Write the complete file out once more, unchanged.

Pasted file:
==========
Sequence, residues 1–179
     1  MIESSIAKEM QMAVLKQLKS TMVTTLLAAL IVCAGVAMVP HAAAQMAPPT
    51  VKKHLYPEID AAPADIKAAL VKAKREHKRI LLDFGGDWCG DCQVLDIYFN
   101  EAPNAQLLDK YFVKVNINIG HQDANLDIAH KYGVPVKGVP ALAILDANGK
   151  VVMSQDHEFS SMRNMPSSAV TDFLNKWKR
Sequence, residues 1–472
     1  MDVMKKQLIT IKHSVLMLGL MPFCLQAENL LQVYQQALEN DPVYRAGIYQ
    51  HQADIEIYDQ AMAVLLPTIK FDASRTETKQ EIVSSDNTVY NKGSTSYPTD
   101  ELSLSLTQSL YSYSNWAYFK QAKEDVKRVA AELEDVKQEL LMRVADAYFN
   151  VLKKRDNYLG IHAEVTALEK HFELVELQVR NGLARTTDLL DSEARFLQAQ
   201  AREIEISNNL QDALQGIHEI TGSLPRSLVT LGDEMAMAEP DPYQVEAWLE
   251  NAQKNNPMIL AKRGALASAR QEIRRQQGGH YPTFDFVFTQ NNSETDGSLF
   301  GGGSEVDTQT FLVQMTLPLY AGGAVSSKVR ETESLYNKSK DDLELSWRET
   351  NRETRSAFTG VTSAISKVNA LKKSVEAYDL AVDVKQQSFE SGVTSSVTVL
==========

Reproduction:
Sequence, residues 1–179
     1  MIESSIAKEM QMAVLKQLKS TMVTTLLAAL IVCAGVAMVP HAAAQMAPPT
    51  VKKHLYPEID AAPADIKAAL VKAKREHKRI LLDFGGDWCG DCQVLDIYFN
   101  EAPNAQLLDK YFVKVNINIG HQDANLDIAH KYGVPVKGVP ALAILDANGK
   151  VVMSQDHEFS SMRNMPSSAV TDFLNKWKR
Sequence, residues 1–472
     1  MDVMKKQLIT IKHSVLMLGL MPFCLQAENL LQVYQQALEN DPVYRAGIYQ
    51  HQADIEIYDQ AMAVLLPTIK FDASRTETKQ EIVSSDNTVY NKGSTSYPTD
   101  ELSLSLTQSL YSYSNWAYFK QAKEDVKRVA AELEDVKQEL LMRVADAYFN
   151  VLKKRDNYLG IHAEVTALEK HFELVELQVR NGLARTTDLL DSEARFLQAQ
   201  AREIEISNNL QDALQGIHEI TGSLPRSLVT LGDEMAMAEP DPYQVEAWLE
   251  NAQKNNPMIL AKRGALASAR QEIRRQQGGH YPTFDFVFTQ NNSETDGSLF
   301  GGGSEVDTQT FLVQMTLPLY AGGAVSSKVR ETESLYNKSK DDLELSWRET
   351  NRETRSAFTG VTSAISKVNA LKKSVEAYDL AVDVKQQSFE SGVTSSVTVL